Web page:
The investigating police are acting under the same orders as the ones who
carried out the killings and under the orders of INCRA (Institute For
Colonisation and Agrarian Reform) which is dependent on the Ministry Of
Agriculture  of Brazil.

On 19 April demonstrations covering the whole country were organised
demanding investigation into the repression, condemning those responsible
and denouncing Cardosa's government.

The crisis generated by this movement and the government's inability and
unwillingness to deal with the problem meant that, after the massacre in
Para, there was no Minister of Agriculture in Brazil, the last one having
locked herself in her house for two days and then resigned!

The Para killing was no isolated event. This year alone there have been
more than 100 rural workers assassinated in Brazil by the police in their
struggles for land. The judicial investigations are started but never
concluded and no one is ever charged. The case of the Corumbiara massacre
is a terrible example of this when Rondonia's Military Police stormed a
colony of 600 families squatting on a ranch on 9 August. Eleven were
killed, including a seven year old girl. Survivors say police tortured
squatters for 12 hours, forcing one to eat the brains of a dead comrade,
Rural Report, Latin American Newsletters. On 16 December, councillor Manoel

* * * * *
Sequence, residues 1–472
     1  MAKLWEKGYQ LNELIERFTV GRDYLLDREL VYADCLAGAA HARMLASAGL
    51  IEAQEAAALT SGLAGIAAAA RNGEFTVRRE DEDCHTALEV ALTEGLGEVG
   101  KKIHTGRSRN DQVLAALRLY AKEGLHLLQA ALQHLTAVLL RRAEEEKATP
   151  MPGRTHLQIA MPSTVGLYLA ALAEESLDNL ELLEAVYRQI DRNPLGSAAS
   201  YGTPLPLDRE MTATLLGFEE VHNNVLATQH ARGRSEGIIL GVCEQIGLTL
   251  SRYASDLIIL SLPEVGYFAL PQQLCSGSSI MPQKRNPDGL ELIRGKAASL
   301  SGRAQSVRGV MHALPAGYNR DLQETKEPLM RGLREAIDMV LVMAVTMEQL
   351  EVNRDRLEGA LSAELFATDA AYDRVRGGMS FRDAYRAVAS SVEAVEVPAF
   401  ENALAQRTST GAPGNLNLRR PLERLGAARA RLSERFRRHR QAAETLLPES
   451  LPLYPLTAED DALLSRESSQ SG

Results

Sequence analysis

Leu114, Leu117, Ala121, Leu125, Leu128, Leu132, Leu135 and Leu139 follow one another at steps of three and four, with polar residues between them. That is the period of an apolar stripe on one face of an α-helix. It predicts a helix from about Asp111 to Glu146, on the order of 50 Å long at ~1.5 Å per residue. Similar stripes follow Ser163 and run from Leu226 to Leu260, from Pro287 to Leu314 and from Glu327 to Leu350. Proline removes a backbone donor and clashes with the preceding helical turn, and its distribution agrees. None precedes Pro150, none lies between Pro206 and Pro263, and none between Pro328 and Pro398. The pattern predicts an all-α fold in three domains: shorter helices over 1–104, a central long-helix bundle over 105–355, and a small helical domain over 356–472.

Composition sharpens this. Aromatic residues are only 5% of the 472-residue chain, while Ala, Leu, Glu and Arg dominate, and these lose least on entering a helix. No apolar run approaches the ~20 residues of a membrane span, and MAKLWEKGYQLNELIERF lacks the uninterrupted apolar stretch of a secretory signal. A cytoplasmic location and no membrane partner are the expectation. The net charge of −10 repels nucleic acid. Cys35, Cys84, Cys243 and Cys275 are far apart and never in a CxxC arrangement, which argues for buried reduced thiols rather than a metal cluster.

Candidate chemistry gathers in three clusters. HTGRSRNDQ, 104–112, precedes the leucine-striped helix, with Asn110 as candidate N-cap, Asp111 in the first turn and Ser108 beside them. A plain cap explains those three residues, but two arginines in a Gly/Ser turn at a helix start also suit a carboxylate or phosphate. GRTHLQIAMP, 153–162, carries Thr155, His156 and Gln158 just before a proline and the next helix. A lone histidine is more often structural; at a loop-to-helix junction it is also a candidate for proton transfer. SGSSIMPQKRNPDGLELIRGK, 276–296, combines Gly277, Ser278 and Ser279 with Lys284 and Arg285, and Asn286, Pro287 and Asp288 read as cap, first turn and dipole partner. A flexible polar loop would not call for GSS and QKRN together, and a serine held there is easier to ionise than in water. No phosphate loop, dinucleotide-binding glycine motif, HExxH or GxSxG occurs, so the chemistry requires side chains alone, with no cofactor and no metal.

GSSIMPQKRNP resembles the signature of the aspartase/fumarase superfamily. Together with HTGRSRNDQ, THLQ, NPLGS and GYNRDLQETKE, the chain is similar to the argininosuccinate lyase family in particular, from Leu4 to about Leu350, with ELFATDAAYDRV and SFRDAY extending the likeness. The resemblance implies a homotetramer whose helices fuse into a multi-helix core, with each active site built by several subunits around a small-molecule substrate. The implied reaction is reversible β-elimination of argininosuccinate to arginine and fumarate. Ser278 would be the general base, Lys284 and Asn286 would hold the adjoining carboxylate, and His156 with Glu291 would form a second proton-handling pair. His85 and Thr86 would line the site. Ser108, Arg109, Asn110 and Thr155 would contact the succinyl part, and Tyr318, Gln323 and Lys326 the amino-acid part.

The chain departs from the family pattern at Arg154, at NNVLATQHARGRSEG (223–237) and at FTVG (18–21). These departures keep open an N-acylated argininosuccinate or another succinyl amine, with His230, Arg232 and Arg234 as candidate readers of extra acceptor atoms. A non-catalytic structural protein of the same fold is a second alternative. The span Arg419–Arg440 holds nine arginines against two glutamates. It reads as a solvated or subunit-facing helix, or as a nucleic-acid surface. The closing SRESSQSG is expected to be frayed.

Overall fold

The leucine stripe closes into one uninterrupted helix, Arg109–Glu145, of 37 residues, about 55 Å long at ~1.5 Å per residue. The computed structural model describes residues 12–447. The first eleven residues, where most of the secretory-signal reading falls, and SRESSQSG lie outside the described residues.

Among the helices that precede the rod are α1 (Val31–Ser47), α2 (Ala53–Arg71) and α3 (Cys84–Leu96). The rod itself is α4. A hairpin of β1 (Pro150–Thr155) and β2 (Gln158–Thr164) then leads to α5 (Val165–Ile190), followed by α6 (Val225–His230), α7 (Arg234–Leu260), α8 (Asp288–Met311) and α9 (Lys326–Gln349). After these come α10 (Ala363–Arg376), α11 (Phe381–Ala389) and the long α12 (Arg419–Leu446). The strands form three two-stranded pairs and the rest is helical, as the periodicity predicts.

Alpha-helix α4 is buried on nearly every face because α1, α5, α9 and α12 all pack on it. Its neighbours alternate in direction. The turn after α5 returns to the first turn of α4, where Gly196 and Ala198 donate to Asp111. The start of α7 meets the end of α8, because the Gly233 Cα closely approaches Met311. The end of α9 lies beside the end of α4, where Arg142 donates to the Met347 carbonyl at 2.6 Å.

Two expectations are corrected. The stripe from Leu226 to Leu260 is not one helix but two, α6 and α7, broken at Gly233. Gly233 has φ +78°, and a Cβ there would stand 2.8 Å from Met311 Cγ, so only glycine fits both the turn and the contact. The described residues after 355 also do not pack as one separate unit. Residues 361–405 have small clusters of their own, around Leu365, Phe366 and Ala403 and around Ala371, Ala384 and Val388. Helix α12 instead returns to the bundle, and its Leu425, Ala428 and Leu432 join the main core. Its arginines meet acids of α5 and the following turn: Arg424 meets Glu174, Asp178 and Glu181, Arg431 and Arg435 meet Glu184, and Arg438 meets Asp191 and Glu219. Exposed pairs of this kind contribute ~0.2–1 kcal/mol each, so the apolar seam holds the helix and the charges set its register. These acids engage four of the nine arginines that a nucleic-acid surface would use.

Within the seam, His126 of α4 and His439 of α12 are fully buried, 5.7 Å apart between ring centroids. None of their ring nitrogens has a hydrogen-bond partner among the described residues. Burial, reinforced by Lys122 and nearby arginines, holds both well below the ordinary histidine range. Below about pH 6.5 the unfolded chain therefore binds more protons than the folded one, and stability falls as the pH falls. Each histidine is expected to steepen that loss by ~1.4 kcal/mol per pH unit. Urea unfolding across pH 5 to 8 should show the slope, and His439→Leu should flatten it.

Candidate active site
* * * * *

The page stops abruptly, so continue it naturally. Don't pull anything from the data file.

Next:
Ribeirio, who had protested at the killings and supported the peasants, was
shot dead in his doorway.

The failure to punish the police responsible for the Corumbiara events
confirms that the struggle for agrarian reform has been met  by the bullets
of the government in the service of the large landowners. In the most
recent case Diolinda and other peasant leaders of the Pontal de
Paranapanema in San Pablo were imprisoned.

The Landless Movement of Rural Workers (MST) had decided in 1995 to seize
and occupy  vacant land throughout Brazil  and, in an effort to further
develop their national campaign they have gone into the cities and are
seeking support from the working class. On 31 January  Landless activists
took over one of Sao Paulo's city Parks until they were evicted. They had
been given promises for years. Cardoso had promised 280,000 families would
be resettled by 1998. Brazil has one of the most unequal land distributions
in the world and there is a rise of evictions and killings of the poor.

The landless workers are, in one way or another, directly confronting the
plans of imperialism just as were the Zapatistas in Mexico who had to fight
on not only the landlords and national government but the US agri-business
and Nafta (the economic block of the US, Canada and Mexicio) as well.
The MST is seeking deeper solidarity from the urban working class and was
helped by the oil workers union in Santos, Brazil's main port city,  to